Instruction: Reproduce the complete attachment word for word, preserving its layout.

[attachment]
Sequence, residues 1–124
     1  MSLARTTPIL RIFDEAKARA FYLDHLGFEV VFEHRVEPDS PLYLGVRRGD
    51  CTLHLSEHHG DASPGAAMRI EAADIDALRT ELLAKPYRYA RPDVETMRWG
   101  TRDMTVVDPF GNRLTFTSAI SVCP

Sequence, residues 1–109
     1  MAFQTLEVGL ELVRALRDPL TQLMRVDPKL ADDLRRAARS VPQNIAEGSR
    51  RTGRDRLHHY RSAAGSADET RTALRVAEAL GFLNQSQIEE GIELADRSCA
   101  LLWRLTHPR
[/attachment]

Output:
Sequence, residues 1–124
     1  MSLARTTPIL RIFDEAKARA FYLDHLGFEV VFEHRVEPDS PLYLGVRRGD
    51  CTLHLSEHHG DASPGAAMRI EAADIDALRT ELLAKPYRYA RPDVETMRWG
   101  TRDMTVVDPF GNRLTFTSAI SVCP

Sequence, residues 1–109
     1  MAFQTLEVGL ELVRALRDPL TQLMRVDPKL ADDLRRAARS VPQNIAEGSR
    51  RTGRDRLHHY RSAAGSADET RTALRVAEAL GFLNQSQIEE GIELADRSCA
   101  LLWRLTHPR